GAA puts in $1,000. GAD puts in $2,000. GAA adds more to make their total contribution $4,000. GAD goes to $999,999.99

That’s not an unjustified assumption. Work in optimal auction strategy (and, yes, that’s actually a thing) shows that the equilibrium strategy for cases like this is for both parties to bet infinitesimally close to their perceived value of the object. In this case it’s a person’s vote as opposed to an actual tangible object but the same principle applies. So they’ll bet virtually everything because a 1 cent gain is worlds better than a $1,999,999.99 loss.

Knowing this, it’s really going to depend on who gets to roughly a million dollars first. Or, in our generalized notation, who reaches just shy of w. Which, assuming that they’re rational actors, really means who gets to make the first offer. Either way, the winner’s only getting pennies on the dollar. And that’s only if they win. Because the loser’s out nearly $2 million, and because there’s only a %50 chance that they’ll get to go first, their “expected utility,” over the long term, is -$999,999.99 Or, once again looking at things generally, the expected utility is:

There’s got to be a cheaper way, right? And there is! Elect an activist.

Remember that L-looking chart a bit earlier? Recall that it told us how much money it would take for them to go against their conscience? All GAA (or GAD) would have to do is find someone who’s cost of conscience is higher than the expected worth of the vote.

That way, they know that there’s no way that they could be bought once they get elected. And since the competing firm will not spend more to swing a vote than the vote itself is worth, they know that they won’t be pushed into a bidding war.

Let’s say that it costs both the winner and loser of the election $100,000 to recruit and elect candidates. The expected utility is muuuuch better in this case. Provided that my back of the envelope calculations are correct (or, to be literal, my back of the local school newspaper calculations), the expected utility in this scenario is now -$100,000. That may be a loss, but it’s preferable because .

Here’s the kicker: It doesn’t matter how much that amount is. It could be $100,000, $500,000 or $900,000. So long as it is less than that closest faction to $1,000,000, both parties are winding up better than they had before. Further, that expected utility reflects there being a perfect equal chance of both parties getting their way. That isn’t how it is in reality, meaning that the expected utility for one group will trend higher and higher.


A Couple Caveats

I started this article rebuffing an overly simplistic view of how politics works in the United States. I moaned and complained about how it didn’t present an accurate picture of US politics. In response, I concocted and presented what is ultimately (behind the veneer of authoritative words and symbols) an equally simplistic view of how the political world works with its own equally wrong consequents.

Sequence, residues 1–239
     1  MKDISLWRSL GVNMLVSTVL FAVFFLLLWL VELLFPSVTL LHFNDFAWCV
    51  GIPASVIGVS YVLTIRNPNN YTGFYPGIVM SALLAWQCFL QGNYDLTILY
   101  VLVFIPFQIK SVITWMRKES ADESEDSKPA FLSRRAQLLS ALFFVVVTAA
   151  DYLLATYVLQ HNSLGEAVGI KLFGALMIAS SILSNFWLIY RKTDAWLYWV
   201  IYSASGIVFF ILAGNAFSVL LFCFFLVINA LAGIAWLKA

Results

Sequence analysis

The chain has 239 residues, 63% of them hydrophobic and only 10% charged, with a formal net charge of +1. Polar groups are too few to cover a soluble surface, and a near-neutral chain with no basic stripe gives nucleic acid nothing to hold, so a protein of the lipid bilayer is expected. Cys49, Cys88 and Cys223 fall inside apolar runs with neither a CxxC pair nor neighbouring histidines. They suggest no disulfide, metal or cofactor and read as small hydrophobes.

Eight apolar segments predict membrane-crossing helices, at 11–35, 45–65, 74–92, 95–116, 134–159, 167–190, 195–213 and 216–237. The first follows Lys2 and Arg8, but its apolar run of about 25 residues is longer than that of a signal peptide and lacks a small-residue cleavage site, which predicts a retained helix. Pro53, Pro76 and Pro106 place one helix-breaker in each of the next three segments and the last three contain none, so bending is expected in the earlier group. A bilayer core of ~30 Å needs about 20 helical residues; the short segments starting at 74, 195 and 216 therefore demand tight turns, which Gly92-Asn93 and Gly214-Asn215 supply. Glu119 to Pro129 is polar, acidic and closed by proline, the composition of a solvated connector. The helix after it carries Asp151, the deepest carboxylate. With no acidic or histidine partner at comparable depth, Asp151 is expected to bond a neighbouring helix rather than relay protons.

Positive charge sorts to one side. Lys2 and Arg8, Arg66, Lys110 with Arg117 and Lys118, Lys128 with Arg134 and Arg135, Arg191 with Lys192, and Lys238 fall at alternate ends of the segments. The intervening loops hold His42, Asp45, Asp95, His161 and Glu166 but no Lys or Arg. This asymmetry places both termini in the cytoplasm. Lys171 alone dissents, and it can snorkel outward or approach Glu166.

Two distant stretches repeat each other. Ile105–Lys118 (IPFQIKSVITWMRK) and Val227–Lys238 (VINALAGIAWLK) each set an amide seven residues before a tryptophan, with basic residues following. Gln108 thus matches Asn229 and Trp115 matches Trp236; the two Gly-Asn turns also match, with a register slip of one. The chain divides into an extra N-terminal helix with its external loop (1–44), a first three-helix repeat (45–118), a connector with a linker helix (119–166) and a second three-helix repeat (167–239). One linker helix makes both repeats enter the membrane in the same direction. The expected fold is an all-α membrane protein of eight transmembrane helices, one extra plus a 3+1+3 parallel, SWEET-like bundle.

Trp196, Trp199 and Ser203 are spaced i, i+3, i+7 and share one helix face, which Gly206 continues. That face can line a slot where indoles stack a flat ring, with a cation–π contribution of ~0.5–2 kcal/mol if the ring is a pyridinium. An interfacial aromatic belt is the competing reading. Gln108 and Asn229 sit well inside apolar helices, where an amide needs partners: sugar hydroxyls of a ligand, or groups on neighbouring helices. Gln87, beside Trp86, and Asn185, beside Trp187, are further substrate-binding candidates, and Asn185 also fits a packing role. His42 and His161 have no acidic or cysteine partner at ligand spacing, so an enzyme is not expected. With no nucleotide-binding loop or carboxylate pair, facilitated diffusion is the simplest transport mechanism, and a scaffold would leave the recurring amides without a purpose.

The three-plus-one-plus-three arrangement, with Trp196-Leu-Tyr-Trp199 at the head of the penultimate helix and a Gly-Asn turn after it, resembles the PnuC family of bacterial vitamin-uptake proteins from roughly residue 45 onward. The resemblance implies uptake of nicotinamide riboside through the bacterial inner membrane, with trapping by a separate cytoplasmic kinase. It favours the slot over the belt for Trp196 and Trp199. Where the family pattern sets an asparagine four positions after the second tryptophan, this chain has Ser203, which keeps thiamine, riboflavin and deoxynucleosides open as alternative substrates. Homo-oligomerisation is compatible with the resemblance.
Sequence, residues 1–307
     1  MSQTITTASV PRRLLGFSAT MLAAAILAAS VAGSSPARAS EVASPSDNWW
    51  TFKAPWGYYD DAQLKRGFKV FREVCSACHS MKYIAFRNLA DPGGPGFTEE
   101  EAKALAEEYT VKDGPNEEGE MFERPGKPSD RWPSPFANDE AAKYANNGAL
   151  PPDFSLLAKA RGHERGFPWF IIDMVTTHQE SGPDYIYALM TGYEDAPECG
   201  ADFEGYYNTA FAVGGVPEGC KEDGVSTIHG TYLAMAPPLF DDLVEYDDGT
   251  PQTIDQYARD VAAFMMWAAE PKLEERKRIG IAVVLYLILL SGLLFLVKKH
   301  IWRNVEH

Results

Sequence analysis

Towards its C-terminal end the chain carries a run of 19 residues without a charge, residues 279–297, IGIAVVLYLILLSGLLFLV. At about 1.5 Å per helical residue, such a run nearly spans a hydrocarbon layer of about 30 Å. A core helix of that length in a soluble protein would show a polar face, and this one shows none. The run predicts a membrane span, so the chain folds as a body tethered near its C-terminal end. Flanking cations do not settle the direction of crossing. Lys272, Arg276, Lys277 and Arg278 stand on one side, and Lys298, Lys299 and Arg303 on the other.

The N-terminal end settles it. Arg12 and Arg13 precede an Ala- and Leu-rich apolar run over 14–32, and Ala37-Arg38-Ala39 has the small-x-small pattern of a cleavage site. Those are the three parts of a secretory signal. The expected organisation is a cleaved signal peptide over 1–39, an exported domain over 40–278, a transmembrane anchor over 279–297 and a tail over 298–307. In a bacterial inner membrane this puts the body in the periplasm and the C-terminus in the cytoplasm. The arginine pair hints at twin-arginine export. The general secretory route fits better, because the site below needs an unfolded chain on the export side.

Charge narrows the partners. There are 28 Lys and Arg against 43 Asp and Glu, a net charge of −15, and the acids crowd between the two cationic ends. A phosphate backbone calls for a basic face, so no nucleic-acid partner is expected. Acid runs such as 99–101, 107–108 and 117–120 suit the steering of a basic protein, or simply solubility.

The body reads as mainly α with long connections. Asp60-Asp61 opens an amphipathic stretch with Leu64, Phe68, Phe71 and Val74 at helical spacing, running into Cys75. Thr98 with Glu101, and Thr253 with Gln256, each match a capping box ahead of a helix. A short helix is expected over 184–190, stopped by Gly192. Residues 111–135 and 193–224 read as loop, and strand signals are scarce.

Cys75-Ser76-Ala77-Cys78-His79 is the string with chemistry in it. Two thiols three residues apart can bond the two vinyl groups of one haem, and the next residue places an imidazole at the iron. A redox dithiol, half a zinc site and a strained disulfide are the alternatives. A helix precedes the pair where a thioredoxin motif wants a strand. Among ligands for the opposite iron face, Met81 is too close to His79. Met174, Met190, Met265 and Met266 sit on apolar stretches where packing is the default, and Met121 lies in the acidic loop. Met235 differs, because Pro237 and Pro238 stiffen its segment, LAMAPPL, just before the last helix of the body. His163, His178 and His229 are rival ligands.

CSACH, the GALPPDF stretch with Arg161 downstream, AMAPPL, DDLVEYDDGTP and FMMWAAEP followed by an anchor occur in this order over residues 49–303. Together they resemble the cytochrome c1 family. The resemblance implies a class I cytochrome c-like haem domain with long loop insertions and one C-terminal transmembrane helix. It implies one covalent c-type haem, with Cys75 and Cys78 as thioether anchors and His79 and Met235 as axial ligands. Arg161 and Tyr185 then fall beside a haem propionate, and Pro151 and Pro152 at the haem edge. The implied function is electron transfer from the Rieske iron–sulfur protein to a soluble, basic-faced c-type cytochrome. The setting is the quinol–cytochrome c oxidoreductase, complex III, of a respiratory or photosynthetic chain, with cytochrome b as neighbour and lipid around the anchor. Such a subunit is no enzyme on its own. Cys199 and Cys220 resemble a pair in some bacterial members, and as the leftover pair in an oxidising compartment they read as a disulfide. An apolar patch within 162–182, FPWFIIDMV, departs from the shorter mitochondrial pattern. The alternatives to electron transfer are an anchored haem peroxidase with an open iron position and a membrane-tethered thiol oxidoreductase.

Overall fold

The big thing that I want to caution is that this model should not be read as to suggest that bribery and corruption never happens. These things do occur as point of fact — and model as it stands now does not consider the cases of these bad apples. Further, it should not be taken as meaning that the money spent on campaigns and the like don’t impact the legislative process. They absolutely do. Money provides access. Access increases the likelihood that something favorable is going to get written into law. There are very grave concerns about the amount of and the ways that money allowed to work its way in our system. All this model does is show that politicians unquestionably kow-towing to the owner of the fattest pocketbook isn’t one of them. At least not from a systematic perspective.

In addition to that thematic issue, there is also a technical one. Astute readers will note that this seems to merely be pushing the issues of bidding down to the electoral level. Assuming that there’s a roughly 50/50 chance that either GAA’s candidate or GAD’s candidate is elected, we’re still looking at the exact same formula as above. It’s just now, instead of the recruitment and campaign costs being zero and the vote-buying being huge, it’s the inverse. We’re just pushing the “auctioneering” earlier in the process.

Said readers would be absolutely correct. In fact, it’s why tons of money gets dumped into competitive races. However, that equivalence only holds if the district doesn’t have something analogous to it’s own “cost of conscience.” That is, it assumes that the public is going to naively back the side with the most money poured in. Realistically, it’s going to be more of an “inertia” cost where the second actor will have to spend extra money to cancel the effects engendered by the first actor.

Regardless, the equivalence would only hold in the most purely competitive district possible. But the vast preponderance of political districts (at various levels of government) aren’t that ideologically competitive. There are far more “safe” seats than there was a decade or two ago. So what would happen mirrors a lot of what is happening now: More money being spent in ideologically commiserate areas than areas with a different ideological base but the most money being spent in areas with competitive races.

The fact that the outcomes of this model coheres so well with the real world suggests that there is some truth to the principle driver. Even assuming the worst, it’s easier (and cheaper) to simply support ardent believers instead of bankrupting oneself trying to persuade ideological mercenaries.


Peter R. Licari is a PhD student in Political Science at the University of Florida specializing in American Politics, Political Behavior, and Political Methodology. The opinions expressed are his own. He can also be found on YouTube and on Twitter(@prlitics13). What little spare time remains is dedicated to long-distance running, video games with his ever-patient fiancee, and to oddly productive one-sided conversations with his cat, Asia.